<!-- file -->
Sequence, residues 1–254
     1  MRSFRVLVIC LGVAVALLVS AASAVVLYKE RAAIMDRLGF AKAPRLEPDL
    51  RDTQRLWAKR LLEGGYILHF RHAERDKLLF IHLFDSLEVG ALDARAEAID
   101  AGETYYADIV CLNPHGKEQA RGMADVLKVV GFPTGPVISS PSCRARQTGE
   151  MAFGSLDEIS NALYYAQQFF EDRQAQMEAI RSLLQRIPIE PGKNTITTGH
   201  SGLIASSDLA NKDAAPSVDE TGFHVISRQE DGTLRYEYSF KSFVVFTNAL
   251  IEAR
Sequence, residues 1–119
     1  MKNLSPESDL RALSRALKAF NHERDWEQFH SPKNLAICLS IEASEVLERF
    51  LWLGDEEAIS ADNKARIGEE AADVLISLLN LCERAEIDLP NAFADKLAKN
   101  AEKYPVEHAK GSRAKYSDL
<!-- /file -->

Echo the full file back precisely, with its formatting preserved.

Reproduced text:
Sequence, residues 1–254
     1  MRSFRVLVIC LGVAVALLVS AASAVVLYKE RAAIMDRLGF AKAPRLEPDL
    51  RDTQRLWAKR LLEGGYILHF RHAERDKLLF IHLFDSLEVG ALDARAEAID
   101  AGETYYADIV CLNPHGKEQA RGMADVLKVV GFPTGPVISS PSCRARQTGE
   151  MAFGSLDEIS NALYYAQQFF EDRQAQMEAI RSLLQRIPIE PGKNTITTGH
   201  SGLIASSDLA NKDAAPSVDE TGFHVISRQE DGTLRYEYSF KSFVVFTNAL
   251  IEAR
Sequence, residues 1–119
     1  MKNLSPESDL RALSRALKAF NHERDWEQFH SPKNLAICLS IEASEVLERF
    51  LWLGDEEAIS ADNKARIGEE AADVLISLLN LCERAEIDLP NAFADKLAKN
   101  AEKYPVEHAK GSRAKYSDL